Doug Ferguson previews Wednesday's Remax World Long Drive Championship, which I'm in Las Vegas to take in. While I'm not sure what to expect, the lead-up shows on Golf Channel showing what amazing athletes the finalists are, has been a treat to watch.
How it works as live TV (9 pm ET), under the lights on a stage overlooking a racetrack, remains to be seen.
From Ferguson's story, where he focuses on former winner and actual golfer, too, 25-year-old Jamie Sadlowski who famously broke a Golf Channel simulator...twice:
What makes him different from other long-drive specialists is he can play a little golf. Sadlowski made the cut in Boise on the Web.com Tour, and he had a chance to play more Web.com Tour events and some on the Canadian Tour. He turned it down because it hurt what he does best.
He hits down on the ball to play golf. Long drivers are all about hitting up. It's about the launch.
During the Frys.com pro-am at CordeValle, Mansfield launched one so far that it was pin-high in the rough just left of the green on the 418-yard 18th hole, which got the attention of Camilo Villegas, who was on the green. He still only made par. No surprise there. Just because they hit it miles and never have more than a wedge to the green doesn't mean they can chip and putt.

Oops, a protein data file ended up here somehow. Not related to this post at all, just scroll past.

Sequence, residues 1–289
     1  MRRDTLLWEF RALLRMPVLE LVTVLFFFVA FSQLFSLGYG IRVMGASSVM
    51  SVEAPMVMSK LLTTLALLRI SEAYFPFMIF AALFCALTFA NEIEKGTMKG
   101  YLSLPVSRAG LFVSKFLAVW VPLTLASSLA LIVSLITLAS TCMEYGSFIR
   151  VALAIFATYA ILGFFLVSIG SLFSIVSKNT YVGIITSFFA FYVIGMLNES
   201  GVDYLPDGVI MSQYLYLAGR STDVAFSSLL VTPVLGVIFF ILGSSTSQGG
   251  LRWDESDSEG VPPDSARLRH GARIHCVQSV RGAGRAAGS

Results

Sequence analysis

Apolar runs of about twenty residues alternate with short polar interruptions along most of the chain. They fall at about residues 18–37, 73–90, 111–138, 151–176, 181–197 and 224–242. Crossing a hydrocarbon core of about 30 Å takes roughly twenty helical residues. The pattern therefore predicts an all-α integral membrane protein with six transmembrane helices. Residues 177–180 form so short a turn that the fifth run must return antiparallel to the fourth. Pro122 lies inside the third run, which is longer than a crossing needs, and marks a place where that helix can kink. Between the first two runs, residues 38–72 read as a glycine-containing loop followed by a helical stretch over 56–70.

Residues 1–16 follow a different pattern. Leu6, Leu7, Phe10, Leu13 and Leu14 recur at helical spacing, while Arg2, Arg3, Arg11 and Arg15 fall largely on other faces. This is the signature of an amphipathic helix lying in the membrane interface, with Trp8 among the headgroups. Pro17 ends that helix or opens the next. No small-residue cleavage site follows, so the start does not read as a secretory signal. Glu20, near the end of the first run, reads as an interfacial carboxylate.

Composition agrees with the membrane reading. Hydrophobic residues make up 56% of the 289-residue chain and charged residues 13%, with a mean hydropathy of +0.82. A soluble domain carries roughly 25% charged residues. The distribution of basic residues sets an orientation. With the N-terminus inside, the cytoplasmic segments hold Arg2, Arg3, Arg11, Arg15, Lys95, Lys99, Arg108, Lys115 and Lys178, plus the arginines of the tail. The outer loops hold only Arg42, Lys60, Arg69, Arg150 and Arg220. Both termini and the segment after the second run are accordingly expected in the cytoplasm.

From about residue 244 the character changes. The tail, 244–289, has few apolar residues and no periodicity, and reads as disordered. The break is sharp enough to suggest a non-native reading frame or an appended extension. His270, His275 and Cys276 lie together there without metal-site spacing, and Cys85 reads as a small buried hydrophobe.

"What people don't understand is we're not these guys," Sadlowski said. "We're not on the putting green at dark. That's not what drives us. What drives us is hitting it as far as humanly possible. We're not bad golfers. When a hacker comes along and says, 'How's the game after the drive?' It's better than you think. You still have to be athletic to square up and make solid contact."
**Having just returned from to the Las Vegas Motor Speedway to watch a dry run for the contestants, the setup should be pretty stunning on television. It remains to be seen how well the landing area will receive the player drives, but it should provide plenty of drama.